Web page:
Arguing against mutations theory in the Journal of Neuroscience
October 8, 2013 | James Kohl
News article: Primate brains follow predictable development pattern: reported 10/8/13
News article excerpt: “This trend argues against the view that specific human mutations gave us these larger areas and advanced cognition and behaviour…”
My comment: Finally, someone else has said that, and it’s been said in the respected Journal of Neuroscience. Now, the idea that specific human mutations gave us our larger brain areas, our advanced cognition, or that mutations contributed to primate-species differences in anything whatsoever, can be examined in the context of mutation-driven evolution in other species. It can then be compared in the context of the ecological, social, neurogenic, and socio-cognitive niche construction. For example, no experimental evidence supports the idea that mutations are fixed in the genome, which means they cannot contribute to natural selection that results in population-wide differences in phenotype. However, all four levels of niche construction are nutrient-dependent and nutrients are obviously required for the evolution of the human brain.
In all species, nutrient uptake is enabled by the de novo creation of olfactory receptor genes. Creation of these receptors allows nutrients to enter microbial cells, which enables the epigenetic effects of olfactory/pheromonal input to alter nutrient-dependent pheromone-controlled transposable element evolution. The epigenetic effects on these transposable elements cause genome evolution. Organism level genome evolution should never have been attributed to mutations in the context of natural selection. Furthermore, the idea that the human brain mutated into existence should have been scoffed at. Proponents of mutation-driven evolution should have long ago been driven from the ranks of academia. Instead, they have been allowed to achieve tenure. Their tenured positions have enabled them to continue to tout nonsensical theory despite the accumulation of biological facts that have continued to refute the nonsense of mutation-driven evolution. See for an accurate representation of what is currently known about evolution: Physiology is rocking the foundations of evolutionary biology.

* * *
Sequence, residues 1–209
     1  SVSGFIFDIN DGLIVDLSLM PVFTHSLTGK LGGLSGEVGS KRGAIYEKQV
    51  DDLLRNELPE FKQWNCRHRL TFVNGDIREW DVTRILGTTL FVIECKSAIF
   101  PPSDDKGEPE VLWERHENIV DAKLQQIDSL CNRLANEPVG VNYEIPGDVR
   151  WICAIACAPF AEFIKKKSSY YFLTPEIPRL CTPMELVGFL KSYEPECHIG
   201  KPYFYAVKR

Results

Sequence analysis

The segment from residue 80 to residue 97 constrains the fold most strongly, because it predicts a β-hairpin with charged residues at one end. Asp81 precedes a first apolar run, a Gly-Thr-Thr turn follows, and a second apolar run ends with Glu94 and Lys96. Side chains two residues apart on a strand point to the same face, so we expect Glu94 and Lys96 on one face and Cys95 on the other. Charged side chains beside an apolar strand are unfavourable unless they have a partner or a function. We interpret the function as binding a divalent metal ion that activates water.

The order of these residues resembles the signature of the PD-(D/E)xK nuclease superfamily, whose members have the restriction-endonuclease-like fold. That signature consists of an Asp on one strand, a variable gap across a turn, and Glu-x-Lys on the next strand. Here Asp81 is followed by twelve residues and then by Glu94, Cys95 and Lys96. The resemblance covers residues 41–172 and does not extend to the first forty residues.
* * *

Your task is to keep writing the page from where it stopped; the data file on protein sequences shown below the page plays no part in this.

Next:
Journal article: A Conserved Pattern of Differential Expansion of Cortical Areas in Simian Primates published 9/18/13
Journal article except: “…concerted evolution… proposes that the non-uniform scaling of neural structures derives primarily from the application of a common developmental program to species with different brain and body sizes. For example, according to one of the best-supported models, late-developing structures tend to become disproportionally large in larger species.”
My comment: The common developmental program of brain development can be traced across species: Olfaction and odor receptors provide a clear evolutionary trail that can be followed from unicellular organisms to insects to humans.” For example, the behavior of brainless unicellular yeasts is nutrient-dependent and reproduction is pheromone-controlled. However, the conserved molecular mechanisms that enable one signaling pathway for receptor-mediated nutrient uptake to regulate a second signaling pathway that controls receptor-mediated reproduction in species from microbes to man provides insight into how cells and organisms integrate environmental stimuli. That integration allows organisms to produce a thermodynamically controlled coordinated response that requires organism-level thermoregulation of protein biosynthesis and degradation in Deep Lake at -20 C, or in hydrothermal vents more than 100 degrees hotter.
Journal article conclusion: “…it has been acknowledged that some of the variation in the relationships between the volume of specific central nervous system structures (including cortical areas) and overall brain volume is likely to be attributable to other factors, which may include postnatal plasticity that is mediated by environmental interactions.”
My comment: “…the epigenetic ‘tweaking’ of the immense gene networks that occurs via exposure to nutrient chemicals and pheromones can now be modeled in the context of the microRNA/messenger RNA balance, receptor-mediated intracellular signaling, and the stochastic gene expression required for nutrient-dependent pheromone-controlled adaptive evolution.“